Her dedication to the improvement of the condition of Indian women was evident in the great efforts she took to actively participate in the raising of the social status of zenana ladies, leading the introduction of the charka (spinning wheel) in village homes and educating girls.

She was also the founder of the Women’s Institute Movement in India.

NB, not the noted scholar, the late Arambam Saroj Nalini, born 1933 who attended Calcutta University to become the first Meetei woman to obtain BA and MA degrees, majoring in Philosophy.
User avatar



  • Posts: 10465
  • Joined: 07 Apr 2006

Re: Debunking BKWSU myths: "first women spiritual leaders"

Post13 Feb 2009

Lest they be forgot ... let us cast our net widely again to challenge our Sindi daughters self-aggrandisement as the first and best of everything etc ...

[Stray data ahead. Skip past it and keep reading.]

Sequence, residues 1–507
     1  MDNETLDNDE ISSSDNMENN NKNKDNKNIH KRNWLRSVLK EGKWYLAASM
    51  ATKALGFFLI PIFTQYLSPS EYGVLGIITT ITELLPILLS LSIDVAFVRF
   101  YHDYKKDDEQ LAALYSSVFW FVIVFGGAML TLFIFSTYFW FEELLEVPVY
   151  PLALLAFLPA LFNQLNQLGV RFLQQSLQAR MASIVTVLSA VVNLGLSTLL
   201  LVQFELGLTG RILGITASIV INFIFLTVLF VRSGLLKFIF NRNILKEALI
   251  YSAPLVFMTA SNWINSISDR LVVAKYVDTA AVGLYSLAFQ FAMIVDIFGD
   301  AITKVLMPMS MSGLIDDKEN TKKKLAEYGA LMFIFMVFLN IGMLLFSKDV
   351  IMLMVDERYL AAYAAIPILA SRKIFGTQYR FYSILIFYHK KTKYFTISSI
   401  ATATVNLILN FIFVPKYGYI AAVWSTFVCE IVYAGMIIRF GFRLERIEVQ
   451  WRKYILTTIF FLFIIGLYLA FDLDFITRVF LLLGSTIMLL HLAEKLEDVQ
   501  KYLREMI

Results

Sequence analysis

Spiritual leaders:

Maitreyi - vedic philosopher from ancient India, the second wife of famous sage and philosopher, Yajnavalkya. Maitreyi was well-versed in Vedas and associated scriptures and was called brahmavadini or "one who speaks like God" by people of her time. About ten hymns in Rig Veda are accredited to her.

Gargi Vachaknavi - ancient Indian female philosopher, born in the family of Garga, circa 800 - 500 BCE. The daughter of sage Vachaknu, Gargi is mentioned in the Sixth and the Eighth Brahmana of Brihadaranyaka Upanishad. She is known for challenging the sage Yajnavalkya with questions on the atman (soul). In Vedic literature, she is honored as one of the great natural philosophers.


Chandramukhi Basu - (1860 – 1944), a Bengali speaking Christian was one of the first two female graduates of the British Empire. She received her Bachelor's degree in Arts from the University of Calcutta, India in 1883 and was the only and first woman to pass MA from Calcutta University in 1884. Her Sisters, Bidhumukhi and Bindubasini, were the first two woman medical graduates from Calcutta Medical College in 1890.